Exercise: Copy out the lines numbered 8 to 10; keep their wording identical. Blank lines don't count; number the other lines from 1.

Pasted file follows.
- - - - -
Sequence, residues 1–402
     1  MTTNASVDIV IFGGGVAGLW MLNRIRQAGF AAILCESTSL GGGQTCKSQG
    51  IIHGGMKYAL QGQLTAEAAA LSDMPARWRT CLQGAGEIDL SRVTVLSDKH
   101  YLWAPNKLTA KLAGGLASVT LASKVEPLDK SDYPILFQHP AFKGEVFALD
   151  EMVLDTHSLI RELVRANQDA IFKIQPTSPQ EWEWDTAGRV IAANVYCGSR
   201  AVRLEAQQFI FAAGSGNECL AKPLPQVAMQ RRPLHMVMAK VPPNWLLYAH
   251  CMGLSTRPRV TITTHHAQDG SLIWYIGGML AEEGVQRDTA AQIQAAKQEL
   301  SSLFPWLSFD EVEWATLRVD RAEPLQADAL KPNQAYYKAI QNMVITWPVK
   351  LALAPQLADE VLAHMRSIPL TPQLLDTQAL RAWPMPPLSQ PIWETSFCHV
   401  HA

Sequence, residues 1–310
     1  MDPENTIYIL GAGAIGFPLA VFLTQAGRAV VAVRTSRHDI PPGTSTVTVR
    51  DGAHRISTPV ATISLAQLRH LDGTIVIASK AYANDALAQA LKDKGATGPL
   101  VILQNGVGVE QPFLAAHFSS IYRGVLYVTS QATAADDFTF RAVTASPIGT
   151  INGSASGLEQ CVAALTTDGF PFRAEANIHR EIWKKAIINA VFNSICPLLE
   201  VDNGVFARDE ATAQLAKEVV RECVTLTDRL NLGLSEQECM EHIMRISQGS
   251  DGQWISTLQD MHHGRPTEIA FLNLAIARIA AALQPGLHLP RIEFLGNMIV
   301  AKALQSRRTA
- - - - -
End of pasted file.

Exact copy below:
   301  SSLFPWLSFD EVEWATLRVD RAEPLQADAL KPNQAYYKAI QNMVITWPVK
   351  LALAPQLADE VLAHMRSIPL TPQLLDTQAL RAWPMPPLSQ PIWETSFCHV
   401  HA